Carnival inches close to its 2030 emission reduction targets

The world’s largest cruise company Carnival Corporation & plc is on track to achieve an overall 18% reduction in greenhouse gas (GHG) emission intensity on a lower berth capacity basis in 2024 compared to 2019.

Courtesy of Carnival Corp

The achievement is just a few points shy of its 20% reduction goal originally targeted for 2030, Carnival said.

By year-end, the cruise major expects to have reduced its GHG emission intensity by 42% on a lower berth capacity basis since its first benchmark in 2008. The company also expects this performance to put it ahead of the International Maritime Organization’s (IMO) 2030 carbon intensity reduction timeline.

Overall, the company aims to have net zero emissions from ship operations by 2050.

Carnival announced last year its decision to accelerate its stated 2030 GHG intensity reduction goal by four years, committing to at least a 20% cut on a lower berth capacity basis by 2026.

The achievement was attributed to aggressive actions to be more energy efficient, reduce overall fuel use, and operate using emission-reducing technologies and lower-emission fuels.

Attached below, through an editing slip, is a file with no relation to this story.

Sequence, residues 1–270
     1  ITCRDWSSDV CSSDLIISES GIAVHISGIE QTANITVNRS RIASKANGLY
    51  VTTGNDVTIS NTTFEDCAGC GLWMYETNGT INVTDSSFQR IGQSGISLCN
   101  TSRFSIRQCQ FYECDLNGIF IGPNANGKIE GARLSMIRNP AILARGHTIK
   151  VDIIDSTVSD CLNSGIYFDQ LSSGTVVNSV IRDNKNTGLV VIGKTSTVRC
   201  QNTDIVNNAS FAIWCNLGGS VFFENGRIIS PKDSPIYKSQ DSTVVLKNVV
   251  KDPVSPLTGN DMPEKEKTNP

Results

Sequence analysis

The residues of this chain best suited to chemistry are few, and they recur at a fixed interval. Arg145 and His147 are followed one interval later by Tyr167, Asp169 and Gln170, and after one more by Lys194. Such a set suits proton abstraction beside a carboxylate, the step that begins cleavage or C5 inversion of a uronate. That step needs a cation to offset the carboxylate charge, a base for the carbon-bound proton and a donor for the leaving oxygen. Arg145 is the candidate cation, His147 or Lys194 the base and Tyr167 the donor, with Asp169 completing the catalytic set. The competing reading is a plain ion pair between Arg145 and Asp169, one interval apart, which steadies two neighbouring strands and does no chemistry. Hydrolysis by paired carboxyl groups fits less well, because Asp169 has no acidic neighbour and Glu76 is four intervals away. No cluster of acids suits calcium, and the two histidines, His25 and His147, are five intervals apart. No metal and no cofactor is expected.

As a result, Carnival Corporation revealed that it is producing 10+% less total GHG emissions today than its peak historical year (2011), despite increasing capacity by roughly 30% since that time.

Carnival said that using less fuel is the fastest way to reduce GHG emissions and make a tangible impact. As such, fuel-saving solutions have been identified as instrumental in achieving fuel reductions, such as optimized hull designs, special coatings to minimize drag for greater fuel efficiency, as well as developing more energy-efficient itineraries, fine-tuning hydrodynamics, and using ocean currents and techniques such as weather routing and speed reduction where possible.

In addition, over 60% of the company’s ships are equipped to use shoreside electricity while docked in port to reduce emissions and noise in port.

Furthermore, Carnival has also installed air lubrication systems to help ships glide on a cushion of air bubbles with less friction, reducing fuel use for propulsion by up to 5%.

On the alternative fuels front, Carnival has given a strong voice of confidence to LNG and has nine LNG-capable ships in service and two more on order.

Investing in LNG has reduced direct carbon emissions by up to 20%, almost eliminating sulfur dioxides and significantly reducing emissions of nitrogen oxides and particulate matter, the company pointed out.

The cruise major is also trialing advanced fuel technologies, including a first-of-its-kind lithium-ion battery storage system, testing fuel cells powered by hydrogen derived from methanol, and trialing biofuels.